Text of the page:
Researchers at Meiji University and Kirin Holdings have developed a pair of chopsticks that enhance the salty flavours of food through an electric current that shocks your tongue, tricking it to taste more flavour than there actually is. Apparently, you can’t feel any of the little zaps, but, even so, I’m not lining up to try it any time soon, would you? Don’t answer just yet. First, here’s everything you need to know.
To start, the term ‘umami’ has been variously translated from Japanese as ‘yummy, deliciousness’ with a pleasant savoury taste. It was first coined in 1908 by a chemist at the University of Tokyo called Kikunae Ikeda. According to The Guardian, “he had noticed this particular taste in asparagus, tomatoes, cheese and meat, but it was strongest in dashi—that rich stock made from kombu (kelp) which is widely used as a flavour base in Japanese cooking. So he honed in on kombu, eventually pinpointing glutamate, an amino acid, as the source of savoury wonder. He then learned how to produce it in industrial quantities and patented the notorious flavour enhancer MSG.”
Why I’m mentioning all of this is because this particular taste is very high in sodium due to the ingredient required to make it, aka salt, which isn’t exactly the most healthy thing to eat too much of.
Asian foods are famous for their umami flavours—hence why the object in question here is the humble chopstick—whereby some health concerns are raised due to the high salt ingredients we all know and love in the vast cuisine like soy sauces, fish sauces and, of course, miso pastes. The average Japanese adult consumes about 10.6 grams of salt per day, which is double the recommended amount by the World Health Organisation (WHO).
Excess sodium intake is related to increased incidence of high blood pressure, strokes and other ailments. To prevent such diseases, doctors often recommend reducing your salt consumption. Which sounds simple enough—but for those who have been accustomed to heavily salted foods (let’s be honest here, that includes most of us), a more bland version of the same food doesn’t seem like the most appetising alternative either.
According to the research results, the chopsticks have the ability to enhance the saltiness perceived by a taster on a low-sodium diet by up to one and a half times. In other words, you (the electric chopstick user) wouldn’t be able to notice a difference in taste even if there was a 30 per cent decrease in the food’s actual salt levels.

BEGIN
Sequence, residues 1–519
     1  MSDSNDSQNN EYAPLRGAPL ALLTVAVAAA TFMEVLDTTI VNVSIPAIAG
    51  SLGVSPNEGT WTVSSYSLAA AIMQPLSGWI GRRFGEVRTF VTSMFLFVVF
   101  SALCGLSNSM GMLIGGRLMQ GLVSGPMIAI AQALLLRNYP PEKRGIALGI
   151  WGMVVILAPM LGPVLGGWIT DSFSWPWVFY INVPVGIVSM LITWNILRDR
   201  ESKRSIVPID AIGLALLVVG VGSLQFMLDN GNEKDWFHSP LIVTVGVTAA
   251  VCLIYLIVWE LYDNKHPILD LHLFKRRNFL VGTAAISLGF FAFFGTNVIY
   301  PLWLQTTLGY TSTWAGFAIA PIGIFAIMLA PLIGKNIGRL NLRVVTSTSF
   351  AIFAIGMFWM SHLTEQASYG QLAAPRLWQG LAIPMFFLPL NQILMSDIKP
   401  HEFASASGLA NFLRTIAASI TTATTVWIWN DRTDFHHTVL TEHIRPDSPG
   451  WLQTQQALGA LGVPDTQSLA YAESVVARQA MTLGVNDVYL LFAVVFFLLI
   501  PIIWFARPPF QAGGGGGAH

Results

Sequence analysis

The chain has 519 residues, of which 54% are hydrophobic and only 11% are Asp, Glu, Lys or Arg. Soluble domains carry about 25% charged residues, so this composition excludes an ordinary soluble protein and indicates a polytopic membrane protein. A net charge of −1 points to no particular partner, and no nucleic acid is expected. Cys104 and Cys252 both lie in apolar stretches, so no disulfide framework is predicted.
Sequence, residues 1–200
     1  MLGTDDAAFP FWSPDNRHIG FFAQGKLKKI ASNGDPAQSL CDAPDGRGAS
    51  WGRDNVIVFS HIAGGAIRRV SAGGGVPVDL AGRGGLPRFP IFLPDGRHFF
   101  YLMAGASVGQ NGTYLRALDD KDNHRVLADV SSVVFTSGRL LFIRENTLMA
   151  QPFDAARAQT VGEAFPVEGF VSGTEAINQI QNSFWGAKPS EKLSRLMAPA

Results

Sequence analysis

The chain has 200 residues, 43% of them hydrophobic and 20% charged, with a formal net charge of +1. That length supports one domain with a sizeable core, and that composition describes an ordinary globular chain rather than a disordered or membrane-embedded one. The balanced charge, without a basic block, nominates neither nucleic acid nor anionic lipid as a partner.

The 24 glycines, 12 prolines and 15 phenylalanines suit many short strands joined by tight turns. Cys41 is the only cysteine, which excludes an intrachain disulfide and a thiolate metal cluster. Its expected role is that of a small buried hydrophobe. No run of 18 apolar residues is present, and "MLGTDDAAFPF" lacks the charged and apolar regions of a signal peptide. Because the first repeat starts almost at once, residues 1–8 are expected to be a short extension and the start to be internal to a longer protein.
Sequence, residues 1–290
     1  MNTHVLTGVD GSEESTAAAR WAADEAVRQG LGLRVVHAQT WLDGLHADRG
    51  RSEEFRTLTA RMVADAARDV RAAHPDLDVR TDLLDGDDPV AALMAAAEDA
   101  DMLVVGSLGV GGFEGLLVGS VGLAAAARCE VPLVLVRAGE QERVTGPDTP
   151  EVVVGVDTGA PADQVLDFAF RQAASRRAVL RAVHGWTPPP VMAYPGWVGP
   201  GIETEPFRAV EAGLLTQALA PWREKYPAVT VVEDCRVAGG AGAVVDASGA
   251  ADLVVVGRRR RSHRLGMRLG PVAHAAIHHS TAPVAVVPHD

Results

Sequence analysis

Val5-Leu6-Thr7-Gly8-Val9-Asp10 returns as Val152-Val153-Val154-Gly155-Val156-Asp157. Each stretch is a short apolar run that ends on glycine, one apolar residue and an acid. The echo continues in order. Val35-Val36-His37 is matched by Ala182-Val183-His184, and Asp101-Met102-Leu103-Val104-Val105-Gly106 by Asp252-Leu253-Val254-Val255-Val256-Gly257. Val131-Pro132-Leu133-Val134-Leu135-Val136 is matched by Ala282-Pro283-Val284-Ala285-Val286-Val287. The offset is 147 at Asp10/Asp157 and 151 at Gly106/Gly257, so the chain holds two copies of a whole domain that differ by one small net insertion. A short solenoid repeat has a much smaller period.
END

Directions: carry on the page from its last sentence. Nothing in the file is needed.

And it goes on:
The device uses electric stimulation paired with a mini-computer worn on a wristband to change the function of the ions (an atom or molecule with a net electrical charge) in salt and MSG, making them seem stronger (or weaker) to whoever is doing the eating. The device transmits these sodium ions from food through the chopsticks and to the mouth.
Two main components are used to create this illusion: the electrical stimulation waveform combined with the effects of both cathodal stimulation (which is what increases the saltiness at the time the electrical currents stop), and the anodal stimulation (which is what enhances the saltiness while electrical currents are ‘on’).
Most of the tests so far have been conducted using only gel samples with different degrees of saltiness, but the researchers also trialled it with a reduced-sodium miso soup, to which some of the participants reported more “richness, sweetness and overall tastiness” when using the magic chopsticks as part of the meal.
Homei Miyashita, lead researcher at Meiji University, is also exploring how such technology can be used to interact with and help stimulate human sensory experiences in relation to other objects, such as his team’s flavour producing ‘lickable TV screen’. No more food envy next time you watch The Chef’s Table, I guess. According to Sky News, this device called Taste the TV (TTTV) works by combining sprays from a carousel of 10 flavour canisters which can replicate the taste of particular foods. The food flavoured spray is then rolled out on hygienic film over a flat TV screen for the viewer to taste.
As Reuters reported, potential uses for such devices include distance learning opportunities for sommeliers and cooks, even providing tasting games and quizzes. But to take it further, the technology could possibly be used for toppings, like applying a pizza or chocolate flavour to your morning toast. Miyashita explained to the publication that “in the COVID-19 era, this kind of technology can enhance the way people connect and interact with the outside world. The goal is to make it possible for people to have the experience of something like eating at a restaurant on the other side of the world, even while staying at home.”
Miyashita and Kirin are currently working on the prototypes of their chopsticks and, according to The Straits Times, hope to release them to the general public sometime in 2023. They expect that the device will help reduce the amount of salt Japanese citizens use by at least 20 per cent, in turn opening up the possibility of developing the technology for other utensils such as spoons or bowls. Who knows what the future of culinary science holds?
We’re going to have to see it to believe it though, as a professor at the National University of Singapore, Nimesha Ranasinghe, had a similar idea back in 2018 with his utensils only managing to recreate saltiness, sourness and bitter tastes—sweetness was just too difficult to produce. The magical ‘umami’ concept was also too abstract for the respective testers to identify. Either way, food-tech is officially a ‘thing’.